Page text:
Monday, December 2, 2013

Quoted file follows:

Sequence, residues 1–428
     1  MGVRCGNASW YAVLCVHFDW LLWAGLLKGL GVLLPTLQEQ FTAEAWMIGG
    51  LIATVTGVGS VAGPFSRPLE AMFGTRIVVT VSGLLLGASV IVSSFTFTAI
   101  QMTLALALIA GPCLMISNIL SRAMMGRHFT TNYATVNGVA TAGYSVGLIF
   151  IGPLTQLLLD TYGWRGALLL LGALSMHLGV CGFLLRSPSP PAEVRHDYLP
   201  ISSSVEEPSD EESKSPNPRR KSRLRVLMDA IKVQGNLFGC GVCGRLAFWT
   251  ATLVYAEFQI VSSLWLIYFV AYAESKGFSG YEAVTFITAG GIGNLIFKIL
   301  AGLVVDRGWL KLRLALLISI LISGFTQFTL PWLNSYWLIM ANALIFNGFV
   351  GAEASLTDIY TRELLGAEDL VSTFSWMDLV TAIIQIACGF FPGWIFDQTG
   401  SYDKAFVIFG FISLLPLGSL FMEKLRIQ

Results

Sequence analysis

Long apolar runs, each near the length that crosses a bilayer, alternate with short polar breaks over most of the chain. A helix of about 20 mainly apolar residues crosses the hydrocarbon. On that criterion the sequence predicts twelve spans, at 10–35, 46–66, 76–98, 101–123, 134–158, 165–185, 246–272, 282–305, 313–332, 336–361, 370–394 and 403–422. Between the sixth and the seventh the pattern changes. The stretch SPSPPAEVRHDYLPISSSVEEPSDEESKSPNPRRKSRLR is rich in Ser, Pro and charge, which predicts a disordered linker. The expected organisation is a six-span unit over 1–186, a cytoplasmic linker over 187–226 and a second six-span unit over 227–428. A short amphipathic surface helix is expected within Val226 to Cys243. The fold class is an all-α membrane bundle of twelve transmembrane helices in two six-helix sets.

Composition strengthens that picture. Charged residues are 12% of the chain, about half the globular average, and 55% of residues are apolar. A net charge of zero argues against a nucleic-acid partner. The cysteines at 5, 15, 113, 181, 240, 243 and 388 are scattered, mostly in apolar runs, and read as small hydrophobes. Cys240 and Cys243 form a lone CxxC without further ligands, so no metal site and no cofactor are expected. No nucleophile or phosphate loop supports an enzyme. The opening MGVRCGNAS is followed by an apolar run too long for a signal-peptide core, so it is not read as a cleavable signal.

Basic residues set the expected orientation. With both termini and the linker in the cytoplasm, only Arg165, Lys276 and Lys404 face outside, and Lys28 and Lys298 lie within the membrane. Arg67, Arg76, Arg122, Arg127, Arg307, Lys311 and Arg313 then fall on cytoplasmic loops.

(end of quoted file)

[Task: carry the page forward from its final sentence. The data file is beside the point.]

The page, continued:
The big aviation news item over the weekend was last night's unveiling of Amazon's Prime Air concept, which would utilize unmanned aerial vehicles to deliver packages within 30 minutes. In a pleasant surprise, a fair share of the subsequent reporting has been appropriately skeptical regarding the near-term feasibility of such an enterprise. The FAA roadmap for integrating unmanned vehicles into U.S. domestic airspace doesn't currently envision widespread usage by private commercial actors in the near future, beginning instead with adoption on a limited basis by public entities such as police and fire departments. More importantly, the FAA will likely require the first iteration of civilian drones to be remotely piloted, as opposed to the completely autonomous operation Amazon envisions. So why did Amazon begin promoting a new business concept that faces such significant obstacles before its eventual realization? The most intriguing answer I've seen to that question was put forth by NY Magazine's Kevin Roose, who suggested that Amazon was trying to garner popular enthusiasm for the idea in order to increase public pressure on the FAA not to impede progress. Given public queasiness about drones, its possible such a campaign could backfire if that is indeed Amazon's intent. However, Roose is right to observe that UAV regulation is a largely under-the-radar public policy issue that could only benefit from more public attention. If Prime Air helps to generate that attention, then we should be grateful.